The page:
When a mysterious Russian hacking gang announced last week that it had assaulted the National Rifle Association with a ransomware attack, the NRA was quiet on whether the claim was true. But a network of hundreds of Twitter trolls were far from mute—they lapped up the news and went to town amplifying it across Twitter.
The move was unusual. Ransomware gangs typically share information about their hacked victims on their own extortion sites, needling them to pay up by posting allegedly stolen files and embarrassing them along the way. And the ransomware gang in question, called Grief Gang, did just that, posting files it claimed to have run off with after hacking the NRA.
But Grief Gang seems to be taking it to the next level.
The Twitter accounts, which sport primarily women’s names—such as Kimberlee Strum, Elvera Vickerman, and Jann Priestley—were created in bulk around the same time in August and September.
The majority of the accounts don’t follow anyone and don’t have any followers. But despite not following each other, they appear to be tweeting in a carefully orchestrated manner. Most of the accounts seem to have whirred into gear to post almost entirely about the Grief ransomware gang’s latest activity. Some of the accounts had also shared original content about a separate hacking incident the Grief Gang carried out, Sam Riddell, associate threat intelligence analyst of information operations at FireEye’s Mandiant, told The Daily Beast.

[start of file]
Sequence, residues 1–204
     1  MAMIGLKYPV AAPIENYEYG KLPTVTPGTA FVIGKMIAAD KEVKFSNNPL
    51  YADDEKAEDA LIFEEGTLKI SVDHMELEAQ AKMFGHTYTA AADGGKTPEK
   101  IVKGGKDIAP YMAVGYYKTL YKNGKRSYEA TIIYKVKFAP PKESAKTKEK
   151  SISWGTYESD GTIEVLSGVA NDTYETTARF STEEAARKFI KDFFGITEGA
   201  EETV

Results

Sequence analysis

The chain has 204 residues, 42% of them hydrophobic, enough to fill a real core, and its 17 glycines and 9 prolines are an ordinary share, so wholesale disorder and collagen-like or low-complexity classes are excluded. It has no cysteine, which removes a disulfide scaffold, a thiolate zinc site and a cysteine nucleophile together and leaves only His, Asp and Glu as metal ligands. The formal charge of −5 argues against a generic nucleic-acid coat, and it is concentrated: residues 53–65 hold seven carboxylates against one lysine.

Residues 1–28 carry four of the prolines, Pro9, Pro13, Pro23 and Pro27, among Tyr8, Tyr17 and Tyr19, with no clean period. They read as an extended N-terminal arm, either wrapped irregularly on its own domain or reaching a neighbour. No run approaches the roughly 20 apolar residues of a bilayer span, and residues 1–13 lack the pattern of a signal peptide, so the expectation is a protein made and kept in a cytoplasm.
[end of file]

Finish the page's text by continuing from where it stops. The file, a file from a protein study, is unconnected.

The purpose of the network appears to be to spread word about Grief Gang’s successes and hacking campaigns, according to an analysis FireEye’s Mandiant security researchers conducted and shared exclusively with The Daily Beast.
“Given their exclusive focus on promoting content pertaining to Grief-related incidents, we suspect that their primary objective is to amplify coverage on these incidents,” Riddell told The Daily Beast. “Our analysis suggests that the sole purpose of this network is to amplify coverage of Grief activity.”
Jeremy Kennelly, senior manager of financial crime analysis at Mandiant, said the group was likely feeling forlorn or nervous that its hacking crusades weren’t getting enough attention—and worried about whether it would receive payment from its victims—so it took the fight to Twitter.